The Finkler Question

Howard Jacobson

The Finkler Question

He should have seen it coming. His life had been one mishap after another. So he should have been prepared for this one...' - Julian Treslove, a professionally unspectacular former BBC radio producer, and Sam Finkler, a popular Jewish philosopher, writer and television personality, are old school friends. Despite a prickly relationship and very different lives, they've never quite lost touch with each other - or with their former teacher, Libor Sevick, a Czech always more concerned with the wider world than with exam results. Now, both Libor and Finkler are recently widowed, and with Treslove, his chequered and unsuccessful record with women rendering him an honorary third widower, they dine at Libor's grand, central London apartment. It's a sweetly painful evening of reminiscence in which all three remove themselves to a time before they had loved and lost; a time before they had fathered children, before the devastation of separations, before they had prized anything greatly enough to fear the loss of it. Better, perhaps, to go through life without knowing happiness at all because that way you have less to mourn? Treslove finds he has tears enough for the unbearable sadness of both his friends' losses. And it's that very evening, at exactly 11:30 pm, as Treslove, walking home, hesitates a moment outside the window of the oldest violin dealer in the country, that he is attacked. And after this, his whole sense of who and what he is will slowly and ineluctably change. 4.0 out of 5 based on 13 reviews
The Finkler Question

Omniscore:

Classification Fiction
Genre General Fiction
Format Hardback
Pages 320
RRP £18.99
Date of Publication August 2010
ISBN 978-1408808870
Publisher Bloomsbury
 

He should have seen it coming. His life had been one mishap after another. So he should have been prepared for this one...' - Julian Treslove, a professionally unspectacular former BBC radio producer, and Sam Finkler, a popular Jewish philosopher, writer and television personality, are old school friends. Despite a prickly relationship and very different lives, they've never quite lost touch with each other - or with their former teacher, Libor Sevick, a Czech always more concerned with the wider world than with exam results. Now, both Libor and Finkler are recently widowed, and with Treslove, his chequered and unsuccessful record with women rendering him an honorary third widower, they dine at Libor's grand, central London apartment. It's a sweetly painful evening of reminiscence in which all three remove themselves to a time before they had loved and lost; a time before they had fathered children, before the devastation of separations, before they had prized anything greatly enough to fear the loss of it. Better, perhaps, to go through life without knowing happiness at all because that way you have less to mourn? Treslove finds he has tears enough for the unbearable sadness of both his friends' losses. And it's that very evening, at exactly 11:30 pm, as Treslove, walking home, hesitates a moment outside the window of the oldest violin dealer in the country, that he is attacked. And after this, his whole sense of who and what he is will slowly and ineluctably change.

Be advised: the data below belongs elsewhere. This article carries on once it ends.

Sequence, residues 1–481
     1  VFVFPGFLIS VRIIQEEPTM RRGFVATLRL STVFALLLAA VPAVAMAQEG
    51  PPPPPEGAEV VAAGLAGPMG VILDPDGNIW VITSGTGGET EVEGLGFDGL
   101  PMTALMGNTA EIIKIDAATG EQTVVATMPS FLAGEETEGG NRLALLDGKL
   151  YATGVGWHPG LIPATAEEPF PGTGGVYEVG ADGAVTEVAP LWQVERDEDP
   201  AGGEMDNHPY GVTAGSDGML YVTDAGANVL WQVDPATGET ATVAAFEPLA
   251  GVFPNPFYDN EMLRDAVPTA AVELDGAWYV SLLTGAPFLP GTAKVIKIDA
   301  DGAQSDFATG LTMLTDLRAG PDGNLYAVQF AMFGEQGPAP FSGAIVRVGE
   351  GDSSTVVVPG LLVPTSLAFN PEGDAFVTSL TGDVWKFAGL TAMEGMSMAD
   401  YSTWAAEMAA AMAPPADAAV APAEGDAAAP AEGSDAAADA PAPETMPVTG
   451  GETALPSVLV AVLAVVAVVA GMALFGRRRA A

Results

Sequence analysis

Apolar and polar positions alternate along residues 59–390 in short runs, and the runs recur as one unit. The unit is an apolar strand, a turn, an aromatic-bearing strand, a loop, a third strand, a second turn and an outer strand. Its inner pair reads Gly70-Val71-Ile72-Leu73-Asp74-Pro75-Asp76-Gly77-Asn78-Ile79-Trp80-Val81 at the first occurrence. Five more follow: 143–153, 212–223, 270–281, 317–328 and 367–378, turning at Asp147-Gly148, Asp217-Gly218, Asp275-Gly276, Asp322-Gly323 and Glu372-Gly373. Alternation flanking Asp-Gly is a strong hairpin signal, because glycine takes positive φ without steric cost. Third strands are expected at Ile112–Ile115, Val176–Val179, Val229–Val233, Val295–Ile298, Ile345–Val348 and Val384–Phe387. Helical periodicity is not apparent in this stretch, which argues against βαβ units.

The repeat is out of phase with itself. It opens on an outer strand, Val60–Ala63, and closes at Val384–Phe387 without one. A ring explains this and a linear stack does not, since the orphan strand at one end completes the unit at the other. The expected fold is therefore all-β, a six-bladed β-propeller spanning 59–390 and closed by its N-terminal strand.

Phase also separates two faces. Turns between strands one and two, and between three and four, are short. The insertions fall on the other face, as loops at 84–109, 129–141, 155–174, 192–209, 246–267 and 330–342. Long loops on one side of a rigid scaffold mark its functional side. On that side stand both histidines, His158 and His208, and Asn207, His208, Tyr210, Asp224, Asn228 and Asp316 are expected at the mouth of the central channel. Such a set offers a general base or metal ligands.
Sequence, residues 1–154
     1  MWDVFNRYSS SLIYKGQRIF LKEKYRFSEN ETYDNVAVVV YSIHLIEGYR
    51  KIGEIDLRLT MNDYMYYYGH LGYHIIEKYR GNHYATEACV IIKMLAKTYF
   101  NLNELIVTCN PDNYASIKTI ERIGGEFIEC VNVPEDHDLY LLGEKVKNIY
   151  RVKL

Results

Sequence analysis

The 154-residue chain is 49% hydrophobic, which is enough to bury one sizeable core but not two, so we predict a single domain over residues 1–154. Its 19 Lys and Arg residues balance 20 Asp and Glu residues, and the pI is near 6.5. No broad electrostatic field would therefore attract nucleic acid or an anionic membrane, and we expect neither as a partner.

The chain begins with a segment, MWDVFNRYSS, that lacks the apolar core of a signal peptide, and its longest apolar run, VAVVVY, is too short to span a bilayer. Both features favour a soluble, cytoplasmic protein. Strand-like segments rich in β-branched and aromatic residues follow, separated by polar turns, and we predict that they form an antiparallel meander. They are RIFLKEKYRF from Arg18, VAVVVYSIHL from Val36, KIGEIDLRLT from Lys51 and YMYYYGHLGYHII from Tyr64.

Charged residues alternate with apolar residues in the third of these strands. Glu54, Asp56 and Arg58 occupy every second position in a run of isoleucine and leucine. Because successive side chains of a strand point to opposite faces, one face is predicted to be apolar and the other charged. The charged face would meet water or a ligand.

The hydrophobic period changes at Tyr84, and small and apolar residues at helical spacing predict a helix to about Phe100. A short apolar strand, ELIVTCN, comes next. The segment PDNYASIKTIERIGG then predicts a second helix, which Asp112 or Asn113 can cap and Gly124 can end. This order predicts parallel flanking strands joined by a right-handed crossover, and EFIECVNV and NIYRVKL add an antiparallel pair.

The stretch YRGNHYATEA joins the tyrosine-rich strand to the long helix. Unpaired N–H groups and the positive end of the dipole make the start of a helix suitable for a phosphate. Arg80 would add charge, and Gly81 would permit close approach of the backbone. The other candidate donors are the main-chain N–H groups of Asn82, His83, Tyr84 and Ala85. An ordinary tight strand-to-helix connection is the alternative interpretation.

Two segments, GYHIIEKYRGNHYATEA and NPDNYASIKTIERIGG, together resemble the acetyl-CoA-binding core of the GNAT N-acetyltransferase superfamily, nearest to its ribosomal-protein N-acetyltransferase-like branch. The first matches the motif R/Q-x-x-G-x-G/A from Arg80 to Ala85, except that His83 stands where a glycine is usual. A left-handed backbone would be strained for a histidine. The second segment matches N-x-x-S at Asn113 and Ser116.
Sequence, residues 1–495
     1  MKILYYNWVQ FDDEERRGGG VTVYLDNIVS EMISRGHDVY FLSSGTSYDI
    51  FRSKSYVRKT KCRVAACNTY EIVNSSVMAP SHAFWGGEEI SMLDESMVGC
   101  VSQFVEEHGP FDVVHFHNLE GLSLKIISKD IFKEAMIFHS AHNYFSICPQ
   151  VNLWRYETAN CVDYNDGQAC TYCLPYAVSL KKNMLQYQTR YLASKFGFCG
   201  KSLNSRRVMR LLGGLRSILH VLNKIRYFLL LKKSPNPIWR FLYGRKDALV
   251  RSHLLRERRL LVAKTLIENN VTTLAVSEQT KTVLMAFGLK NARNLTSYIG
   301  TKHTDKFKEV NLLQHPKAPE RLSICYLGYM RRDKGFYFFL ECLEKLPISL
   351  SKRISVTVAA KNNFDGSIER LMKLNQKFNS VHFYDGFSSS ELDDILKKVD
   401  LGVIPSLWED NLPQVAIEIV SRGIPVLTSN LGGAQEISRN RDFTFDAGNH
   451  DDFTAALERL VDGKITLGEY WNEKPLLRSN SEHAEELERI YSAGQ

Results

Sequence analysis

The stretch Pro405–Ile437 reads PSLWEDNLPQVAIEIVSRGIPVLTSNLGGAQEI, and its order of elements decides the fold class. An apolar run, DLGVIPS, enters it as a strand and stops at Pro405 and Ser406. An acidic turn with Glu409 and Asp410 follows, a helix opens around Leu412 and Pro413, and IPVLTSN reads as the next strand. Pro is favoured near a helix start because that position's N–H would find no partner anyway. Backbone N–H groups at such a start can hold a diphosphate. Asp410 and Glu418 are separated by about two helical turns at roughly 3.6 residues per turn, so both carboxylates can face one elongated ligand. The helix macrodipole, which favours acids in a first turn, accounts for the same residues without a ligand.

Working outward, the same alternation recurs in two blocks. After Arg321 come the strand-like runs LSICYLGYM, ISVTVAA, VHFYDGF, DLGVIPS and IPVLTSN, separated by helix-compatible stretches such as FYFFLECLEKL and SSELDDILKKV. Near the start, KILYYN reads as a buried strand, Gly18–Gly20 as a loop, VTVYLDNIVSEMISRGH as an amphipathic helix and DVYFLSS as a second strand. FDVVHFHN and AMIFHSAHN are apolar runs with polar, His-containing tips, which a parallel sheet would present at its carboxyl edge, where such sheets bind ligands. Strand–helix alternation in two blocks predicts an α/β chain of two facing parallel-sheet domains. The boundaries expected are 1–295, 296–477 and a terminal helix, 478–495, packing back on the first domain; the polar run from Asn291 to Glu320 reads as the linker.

Read an extract from the book on the Guardian's website

Reviews

The Independent on Sunday

Christian House

Jacobson cunningly crafts sublime pathos from comedy and vice versa. As such, he is the literary equivalent of Tony Hancock, illuminating the conflict, anger, love and dependence created by friendship while wincing at the ignominy and absurdity of the characters' predicament. Jacobson's prose is a seamless roll of blissfully melancholic interludes. Almost every page has a quotable, memorable line.

01/08/2010

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The Observer

Edward Docx

So then: all this Jewishness and not Jewishness is what the book asks the reader to weigh – eloquently, farcically, seriously, mockingly, perceptively, dumbly, brilliantly. Now, here's the rub. (Finkler and Treslove are obsessed by Hamlet by the way.) I am not Jewish. But the reason I enjoyed this novel so, aside from its formal verve, is because it seemed to me that Jacobson is only using Judaism as his "way in". In other words, as all serious artists do, he is mining his immediate milieu as a way of directly unearthing the deeper questions of family, society, belief, culture, relationships – the underlying nature of humanity.

15/08/2010

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The Scotsman

Tom Adair